My dear, she texted late last night, if you can spare me something, I need it for food, for medicine, for things in the everyday. How could I not respond? You cannot say, But I just sent you something less than two weeks ago. Mother, sometimes I feel the days slip like water through my fingers. And then the cycle of worry rotates— paddle wheel, boat going nowhere, ferry stuck between the shores of departure and arrival, while sun-worshippers zip by in motorized rubber boats. Putting away books on the shelf, I came across a friend’s inscription in a journal, given years ago. She wrote, Looking forward to our forties, when we will have made it; to our fifties, when we’re settled, and to our sixties, when we will look back at our lives to celebrate the harvest. I set it back and ponder this assurance: something I have never really had in such pure and unadulterated form. I am the queen of making-do, I’d joked back. I’ve saved all manner of odds and ends for use on a rainy day. Wrapping paper, shampoo samples, gift bottles of wine. But there is no contentment in these miserly economies, mother. I bite into bread, or fruit, or cheese, and some part of me shrivels with the shame of being unable to share these morsels with you.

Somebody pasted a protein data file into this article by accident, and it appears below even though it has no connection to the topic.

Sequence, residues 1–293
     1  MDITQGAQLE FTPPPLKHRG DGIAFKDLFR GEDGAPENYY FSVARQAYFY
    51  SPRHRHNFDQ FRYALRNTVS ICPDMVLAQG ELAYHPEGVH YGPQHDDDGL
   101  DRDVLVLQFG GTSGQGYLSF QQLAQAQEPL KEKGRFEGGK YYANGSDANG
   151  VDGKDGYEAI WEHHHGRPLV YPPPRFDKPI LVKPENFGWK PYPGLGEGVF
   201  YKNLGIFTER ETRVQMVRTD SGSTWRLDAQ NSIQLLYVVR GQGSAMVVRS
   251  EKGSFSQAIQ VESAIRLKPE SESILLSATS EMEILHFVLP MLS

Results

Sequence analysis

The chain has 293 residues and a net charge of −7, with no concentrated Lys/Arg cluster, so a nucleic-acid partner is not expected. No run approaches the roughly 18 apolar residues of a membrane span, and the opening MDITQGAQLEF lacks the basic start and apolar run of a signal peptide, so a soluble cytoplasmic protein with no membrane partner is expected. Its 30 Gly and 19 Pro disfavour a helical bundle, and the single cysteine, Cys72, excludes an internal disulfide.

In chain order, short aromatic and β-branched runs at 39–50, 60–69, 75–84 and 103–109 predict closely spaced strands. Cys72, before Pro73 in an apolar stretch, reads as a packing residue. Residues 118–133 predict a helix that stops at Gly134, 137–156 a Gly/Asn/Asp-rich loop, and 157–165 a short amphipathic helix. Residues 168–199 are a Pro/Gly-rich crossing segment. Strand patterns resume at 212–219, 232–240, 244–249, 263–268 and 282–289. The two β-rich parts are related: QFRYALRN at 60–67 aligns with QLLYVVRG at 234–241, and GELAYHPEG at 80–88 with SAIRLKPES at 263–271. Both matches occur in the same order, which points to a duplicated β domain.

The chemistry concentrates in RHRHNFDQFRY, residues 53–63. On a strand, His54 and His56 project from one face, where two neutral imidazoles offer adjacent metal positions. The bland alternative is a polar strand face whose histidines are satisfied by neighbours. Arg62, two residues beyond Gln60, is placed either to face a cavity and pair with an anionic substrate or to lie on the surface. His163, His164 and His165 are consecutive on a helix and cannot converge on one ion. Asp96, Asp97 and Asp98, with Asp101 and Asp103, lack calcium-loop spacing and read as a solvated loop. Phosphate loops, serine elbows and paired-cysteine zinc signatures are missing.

In response to cold mountain (60).

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